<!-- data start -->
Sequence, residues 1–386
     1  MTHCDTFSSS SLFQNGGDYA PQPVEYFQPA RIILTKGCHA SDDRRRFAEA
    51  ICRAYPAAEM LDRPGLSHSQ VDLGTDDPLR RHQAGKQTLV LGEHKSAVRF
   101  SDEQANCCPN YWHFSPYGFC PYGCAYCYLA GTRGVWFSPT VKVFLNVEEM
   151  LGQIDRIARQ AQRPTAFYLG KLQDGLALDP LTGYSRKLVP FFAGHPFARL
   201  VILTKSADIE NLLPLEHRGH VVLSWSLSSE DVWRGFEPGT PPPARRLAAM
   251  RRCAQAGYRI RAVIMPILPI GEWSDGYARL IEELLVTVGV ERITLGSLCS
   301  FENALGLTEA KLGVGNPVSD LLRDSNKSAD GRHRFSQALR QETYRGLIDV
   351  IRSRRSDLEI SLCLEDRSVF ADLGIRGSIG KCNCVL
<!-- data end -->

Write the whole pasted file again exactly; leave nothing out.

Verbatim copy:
Sequence, residues 1–386
     1  MTHCDTFSSS SLFQNGGDYA PQPVEYFQPA RIILTKGCHA SDDRRRFAEA
    51  ICRAYPAAEM LDRPGLSHSQ VDLGTDDPLR RHQAGKQTLV LGEHKSAVRF
   101  SDEQANCCPN YWHFSPYGFC PYGCAYCYLA GTRGVWFSPT VKVFLNVEEM
   151  LGQIDRIARQ AQRPTAFYLG KLQDGLALDP LTGYSRKLVP FFAGHPFARL
   201  VILTKSADIE NLLPLEHRGH VVLSWSLSSE DVWRGFEPGT PPPARRLAAM
   251  RRCAQAGYRI RAVIMPILPI GEWSDGYARL IEELLVTVGV ERITLGSLCS
   301  FENALGLTEA KLGVGNPVSD LLRDSNKSAD GRHRFSQALR QETYRGLIDV
   351  IRSRRSDLEI SLCLEDRSVF ADLGIRGSIG KCNCVL